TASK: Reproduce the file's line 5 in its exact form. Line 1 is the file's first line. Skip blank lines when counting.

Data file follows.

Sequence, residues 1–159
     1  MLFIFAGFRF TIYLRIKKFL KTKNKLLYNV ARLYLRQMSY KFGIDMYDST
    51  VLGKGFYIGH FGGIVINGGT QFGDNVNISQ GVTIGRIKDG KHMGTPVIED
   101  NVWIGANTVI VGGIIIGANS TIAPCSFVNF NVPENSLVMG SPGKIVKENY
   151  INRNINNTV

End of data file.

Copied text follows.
   151  INRNINNTV